In a study published July 7 in the prestigious Proceedings of the US National Academy of Science, Per Olsson and Carl Folke of the Stockholm Resilience Centre at Stockholm University and Terry Hughes of the ARC Centre of Excellence for Coral Reef Studies in Australia have identified the keys to successful marine ecosystem-based management.
Their findings were revealed today at the 11th International Coral Reef Symposium, in Fort Lauderdale, Florida, where the world’s leading coral reef scientists and managers have gathered.
“The core issue is that the global ‘coral crisis’ is really a crisis of governance,” says Prof. Terry Hughes. “Round the world, people are struggling with the difficulties of managing these sensitive coral ecosystems in the face of all the human and natural pressures they are subject to.”
“Many people have tried to protect marine environments but as soon as some form of governance was put in place and everyone relaxed, it was overtaken by events – either human or natural”, Hughes says.
According to co-writer Per Olsson, the critical realization in the case of the Great Barrier Reef was that its management had to be flexible and adaptive, based on continual scientific monitoring of what is going on.
“This flexibility was important in order to deal with change, and to navigate the transition to an improved system of governance. It enabled new interactions and ways of working together with the authorities. Such flexibility is fundamental for bureaucratic organizations”, Dr. Olsson says.
The paper highlights the role of leadership and consensus-building, and credits the Great Barrier Reef Marine Park Authority and its Chair, Virginia Chadwick, with having sought and gained the support of the public, industry and governments at all levels for putting the management of the world’s largest coral reef system onto an ecological footing.
“Our study shows the importance of leadership and strategies for responding to signals of change before ecosystem collapse occurs”, Dr. Olsson says.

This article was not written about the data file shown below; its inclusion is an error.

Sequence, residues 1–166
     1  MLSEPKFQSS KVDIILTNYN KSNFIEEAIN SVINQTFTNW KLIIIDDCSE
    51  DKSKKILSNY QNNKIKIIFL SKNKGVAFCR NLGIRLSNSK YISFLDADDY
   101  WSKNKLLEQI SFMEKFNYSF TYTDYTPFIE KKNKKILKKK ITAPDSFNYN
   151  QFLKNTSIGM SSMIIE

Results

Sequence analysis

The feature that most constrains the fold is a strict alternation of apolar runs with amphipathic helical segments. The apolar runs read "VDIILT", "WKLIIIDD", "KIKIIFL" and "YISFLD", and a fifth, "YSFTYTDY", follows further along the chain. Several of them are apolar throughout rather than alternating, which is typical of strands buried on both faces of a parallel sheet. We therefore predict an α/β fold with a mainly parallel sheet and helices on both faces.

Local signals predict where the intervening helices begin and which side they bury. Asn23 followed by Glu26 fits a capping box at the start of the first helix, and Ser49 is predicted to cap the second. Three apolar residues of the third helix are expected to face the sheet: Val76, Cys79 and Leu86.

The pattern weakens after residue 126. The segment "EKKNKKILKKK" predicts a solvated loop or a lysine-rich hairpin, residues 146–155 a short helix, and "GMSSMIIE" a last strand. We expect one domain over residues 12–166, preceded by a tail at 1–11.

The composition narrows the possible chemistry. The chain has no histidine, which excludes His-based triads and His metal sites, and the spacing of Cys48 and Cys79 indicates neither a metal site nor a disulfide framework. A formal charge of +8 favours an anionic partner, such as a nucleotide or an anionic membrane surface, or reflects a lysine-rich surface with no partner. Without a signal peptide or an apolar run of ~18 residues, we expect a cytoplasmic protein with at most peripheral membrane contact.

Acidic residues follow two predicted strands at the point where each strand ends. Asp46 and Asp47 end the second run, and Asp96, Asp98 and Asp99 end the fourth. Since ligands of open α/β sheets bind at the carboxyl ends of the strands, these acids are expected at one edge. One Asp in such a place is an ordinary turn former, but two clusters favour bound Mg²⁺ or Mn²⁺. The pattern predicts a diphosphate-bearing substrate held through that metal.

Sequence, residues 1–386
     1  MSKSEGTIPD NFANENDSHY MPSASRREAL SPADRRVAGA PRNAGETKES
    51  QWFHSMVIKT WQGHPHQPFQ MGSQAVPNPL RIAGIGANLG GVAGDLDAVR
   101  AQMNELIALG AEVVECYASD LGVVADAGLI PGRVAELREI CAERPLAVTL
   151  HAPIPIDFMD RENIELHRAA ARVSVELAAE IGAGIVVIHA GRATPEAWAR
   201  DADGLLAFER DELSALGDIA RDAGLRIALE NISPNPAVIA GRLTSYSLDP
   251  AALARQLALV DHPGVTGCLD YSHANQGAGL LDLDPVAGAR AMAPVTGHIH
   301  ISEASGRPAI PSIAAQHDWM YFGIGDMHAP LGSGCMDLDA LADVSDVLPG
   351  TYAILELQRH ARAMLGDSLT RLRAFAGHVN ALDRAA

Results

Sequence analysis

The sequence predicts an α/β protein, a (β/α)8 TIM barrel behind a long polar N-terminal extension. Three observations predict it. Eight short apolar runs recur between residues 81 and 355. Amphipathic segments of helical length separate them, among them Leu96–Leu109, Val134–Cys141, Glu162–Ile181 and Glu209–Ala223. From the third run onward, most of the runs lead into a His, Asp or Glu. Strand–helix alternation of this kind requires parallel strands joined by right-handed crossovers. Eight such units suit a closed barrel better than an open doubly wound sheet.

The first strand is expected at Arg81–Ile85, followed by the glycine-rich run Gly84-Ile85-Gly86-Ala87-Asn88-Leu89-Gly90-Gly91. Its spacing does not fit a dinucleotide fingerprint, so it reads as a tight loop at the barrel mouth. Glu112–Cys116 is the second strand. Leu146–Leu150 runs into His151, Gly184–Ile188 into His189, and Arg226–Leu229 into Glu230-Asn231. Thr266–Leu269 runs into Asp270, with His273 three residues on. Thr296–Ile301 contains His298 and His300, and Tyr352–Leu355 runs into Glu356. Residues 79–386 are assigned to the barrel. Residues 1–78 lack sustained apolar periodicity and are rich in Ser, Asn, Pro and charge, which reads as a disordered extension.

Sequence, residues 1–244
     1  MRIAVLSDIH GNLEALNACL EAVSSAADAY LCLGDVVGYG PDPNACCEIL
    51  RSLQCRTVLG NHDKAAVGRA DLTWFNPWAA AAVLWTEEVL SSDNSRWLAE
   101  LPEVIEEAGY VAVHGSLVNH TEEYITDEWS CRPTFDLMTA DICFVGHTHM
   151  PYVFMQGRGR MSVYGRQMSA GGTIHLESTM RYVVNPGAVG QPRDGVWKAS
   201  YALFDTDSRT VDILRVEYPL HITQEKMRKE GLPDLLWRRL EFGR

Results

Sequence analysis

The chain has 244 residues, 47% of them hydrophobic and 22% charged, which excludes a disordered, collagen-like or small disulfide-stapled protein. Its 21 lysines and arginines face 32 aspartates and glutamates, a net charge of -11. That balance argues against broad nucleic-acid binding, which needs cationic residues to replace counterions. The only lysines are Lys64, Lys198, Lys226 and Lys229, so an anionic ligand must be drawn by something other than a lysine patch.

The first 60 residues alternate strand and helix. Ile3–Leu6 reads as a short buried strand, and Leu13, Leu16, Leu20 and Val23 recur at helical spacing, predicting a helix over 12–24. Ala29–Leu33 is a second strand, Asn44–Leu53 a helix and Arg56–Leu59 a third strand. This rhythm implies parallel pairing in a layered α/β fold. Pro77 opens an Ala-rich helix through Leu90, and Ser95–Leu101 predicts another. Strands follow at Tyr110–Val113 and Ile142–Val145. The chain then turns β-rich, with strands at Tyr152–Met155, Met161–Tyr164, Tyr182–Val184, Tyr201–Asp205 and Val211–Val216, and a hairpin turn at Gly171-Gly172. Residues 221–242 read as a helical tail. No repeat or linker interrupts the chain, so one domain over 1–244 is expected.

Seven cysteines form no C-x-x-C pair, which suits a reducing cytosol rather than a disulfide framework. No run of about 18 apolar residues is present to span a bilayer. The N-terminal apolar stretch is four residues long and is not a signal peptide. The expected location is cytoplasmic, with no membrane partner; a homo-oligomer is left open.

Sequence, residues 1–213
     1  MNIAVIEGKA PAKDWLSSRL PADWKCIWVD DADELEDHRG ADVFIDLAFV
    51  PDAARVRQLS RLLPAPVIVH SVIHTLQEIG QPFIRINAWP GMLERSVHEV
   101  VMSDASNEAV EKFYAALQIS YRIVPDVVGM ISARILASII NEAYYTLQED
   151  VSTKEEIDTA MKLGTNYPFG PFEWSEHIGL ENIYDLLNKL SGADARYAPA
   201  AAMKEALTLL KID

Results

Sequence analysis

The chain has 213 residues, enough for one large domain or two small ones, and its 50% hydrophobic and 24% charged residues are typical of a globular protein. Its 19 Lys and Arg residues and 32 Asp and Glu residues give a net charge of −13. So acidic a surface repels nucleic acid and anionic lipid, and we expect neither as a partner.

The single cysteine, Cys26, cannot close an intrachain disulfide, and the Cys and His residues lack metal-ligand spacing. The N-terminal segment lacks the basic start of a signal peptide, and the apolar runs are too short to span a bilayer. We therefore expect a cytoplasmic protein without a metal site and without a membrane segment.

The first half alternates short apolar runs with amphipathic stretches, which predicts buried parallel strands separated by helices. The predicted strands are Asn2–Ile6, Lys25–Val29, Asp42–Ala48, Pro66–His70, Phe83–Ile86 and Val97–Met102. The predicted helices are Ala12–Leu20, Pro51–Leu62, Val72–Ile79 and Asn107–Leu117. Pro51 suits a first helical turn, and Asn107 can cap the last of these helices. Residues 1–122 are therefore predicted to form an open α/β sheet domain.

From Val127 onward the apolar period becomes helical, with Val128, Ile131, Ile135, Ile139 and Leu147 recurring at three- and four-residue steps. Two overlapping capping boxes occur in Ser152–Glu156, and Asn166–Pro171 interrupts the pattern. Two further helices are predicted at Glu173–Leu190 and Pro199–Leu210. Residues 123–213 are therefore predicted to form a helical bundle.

A critical step in the process was to convince local communities that the reef was facing many threats, and to enlist public support for managing it more flexibly. This was accomplished through a major “Reef Under Pressure” community consultation campaign.
“Combined with the declines in populations of dugongs, turtles, sharks and other fish, polluted runoff from the land and global warming impacts, it became clear to everyone that the original management system was becoming less and less adequate as the pressures on the reef grew.” Prof. Hughes says.
One of the most visible and controversial initiatives under the new regime was to extend the area closed to all forms of fishing from 6 to 33 per cent of the total reef area – creating the largest no-take zone in the world.
“The Barrier Reef example illustrates a shift in thinking to an integrated view of humans and nature, based on active stewardship of marine ecosystems for human well-being” Dr. Olsson says.
Backing all of this was the necessary legislation and regulatory powers and also having a sufficient flow of good science to inform the management process constantly. The study underscores the particular importance of integrating good science with good policy.
The report concludes that laws alone cannot bring about the changes necessary to protect the world’s ocean ecosystems – good science and public participation, understanding and support are also vital.